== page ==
MODE runs two main research projects:
Digital technologies in the operating theatre: This project looks at video-enhanced surgery (laparoscopy), exploring its impact on clinical practice and potential for research on workplace based learning and teaching and decision making.
Researching embodiment with digital technologies: This project explores notions of embodiment in the digital landscape of today, through investigating the role of emergent digital technologies in engendering ‘embodied’ learning experiences.
MODE also works with other centres on two collaborative projects:
- What are the methodological potentials and constraints of doing multimodal narrative analysis of blogs?
- What stories are told in UK based food blogs.
Assessing the trustworthiness of GP’s (with NCRM). In this collaborative NCRM project we aim to draw on a range of data: surveys; focus groups; and online forum analysis to explore how patients form judgements regarding the trustworthiness of GPs.
MODE also hosts three PhD projects:
The kineikonic mode: Developing a multimodal theory of the moving image. This research examines the topic of The Kineikonic Mode with a focus on digital moving image media.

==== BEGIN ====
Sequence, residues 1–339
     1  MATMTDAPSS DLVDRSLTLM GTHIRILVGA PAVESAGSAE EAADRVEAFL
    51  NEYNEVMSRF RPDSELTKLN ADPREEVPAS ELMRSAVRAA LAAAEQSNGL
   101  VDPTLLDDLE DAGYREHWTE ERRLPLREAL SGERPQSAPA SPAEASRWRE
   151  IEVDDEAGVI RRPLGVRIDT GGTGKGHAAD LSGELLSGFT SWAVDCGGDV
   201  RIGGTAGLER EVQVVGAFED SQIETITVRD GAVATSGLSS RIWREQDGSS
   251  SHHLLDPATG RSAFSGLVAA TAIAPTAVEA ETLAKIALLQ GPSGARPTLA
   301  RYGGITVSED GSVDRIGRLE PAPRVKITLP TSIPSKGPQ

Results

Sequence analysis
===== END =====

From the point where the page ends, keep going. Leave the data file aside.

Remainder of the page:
Multimodal approaches to researching social media. This research explores the methodological implications of multimodality to the growing tradition of social science investigation of social media tools and applications.
Video-based research in learning and examining forms of transcription. This research addresses methodological issues related to the use of video in observational research, focusing particularly on multimodal transcription, considering how video and forms of multimodal transcription might be used in Early Years classrooms in the process of observation, documentation and assessment of learning.
MODE also participates in the following research networks:
EU, 2012-2013 (Marie Curie Actions— International Research Staff Exchange Scheme): Global Perspectives on Learning and Development with Digital Video-Editing Media: A Qualitative Inquiry in Everyday Lives of Marginalized Young People.